MCAS 2020 canceled: Your voice made a difference!

MCAS has been canceled this year, and all of our voices made a difference! Thanks to all for speaking out and focusing on the real needs and priorities of our students, educators and families.

This is good news for students, families and educators, who have so many other life-and-death concerns right now. They should not have to worry about standardized tests on top of concerns about access to food, housing, mental and physical well-being. That’s why more than 6,000 Massachusetts residents contacted state leaders demanding that MCAS be canceled. (The legislature responded by canceling for one year the law that allows for MCAS.)

This was a significant vote, even though there will be no school for the rest of this year. It would be even better if the state took the next logical step and imposed a three-year moratorium on high-stakes MCAS testing going forward.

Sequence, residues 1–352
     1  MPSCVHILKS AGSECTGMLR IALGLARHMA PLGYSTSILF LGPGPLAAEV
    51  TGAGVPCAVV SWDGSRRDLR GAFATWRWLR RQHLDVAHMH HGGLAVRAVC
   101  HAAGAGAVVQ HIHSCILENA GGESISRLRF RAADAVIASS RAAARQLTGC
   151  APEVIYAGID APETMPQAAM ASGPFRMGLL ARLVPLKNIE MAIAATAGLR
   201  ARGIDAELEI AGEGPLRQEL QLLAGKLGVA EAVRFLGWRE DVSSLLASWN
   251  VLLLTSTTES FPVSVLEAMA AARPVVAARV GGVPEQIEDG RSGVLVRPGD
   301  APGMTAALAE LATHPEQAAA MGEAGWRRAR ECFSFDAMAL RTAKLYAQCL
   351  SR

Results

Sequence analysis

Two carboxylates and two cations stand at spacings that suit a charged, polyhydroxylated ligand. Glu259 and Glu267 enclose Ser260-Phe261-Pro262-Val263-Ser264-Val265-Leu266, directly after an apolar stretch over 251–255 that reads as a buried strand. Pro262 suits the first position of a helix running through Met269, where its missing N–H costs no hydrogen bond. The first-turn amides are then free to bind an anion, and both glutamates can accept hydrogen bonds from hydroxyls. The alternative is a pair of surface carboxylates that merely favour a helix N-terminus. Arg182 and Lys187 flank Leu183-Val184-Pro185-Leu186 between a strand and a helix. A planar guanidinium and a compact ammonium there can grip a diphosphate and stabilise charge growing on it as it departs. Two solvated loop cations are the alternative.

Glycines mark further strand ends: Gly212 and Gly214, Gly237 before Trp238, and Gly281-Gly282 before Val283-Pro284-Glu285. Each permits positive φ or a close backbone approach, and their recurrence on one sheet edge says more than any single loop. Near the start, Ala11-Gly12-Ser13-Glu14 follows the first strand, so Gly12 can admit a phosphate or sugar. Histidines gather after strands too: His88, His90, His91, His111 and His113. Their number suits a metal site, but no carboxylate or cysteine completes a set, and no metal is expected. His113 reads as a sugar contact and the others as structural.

Why? Standardized exams like the MCAS are very good at measuring family wealth, access and privilege. The COVID-19 pandemic has both revealed and exacerbated cruel (and in some cases deadly) inequities in our state. Massachusetts has one of the largest income inequality gaps in the nation, a gap that will likely increase in response to the current health and economic crisis.

With students out of school for so many months this year, next year’s test results would indicate which students were safe and healthy, with access to food, housing and online resources, and which were not. They would not be a valid measure of learning or school quality. And they should certainly not be used to deny high school diplomas.

When schools reopen, students will return with enormous needs for emotional support. Some will have lost relatives and friends, even parents. Some will have had access to education and support from family at home, others will not.

The priority will be supporting them and educating them to the best of our ability, not giving them meaningless tests.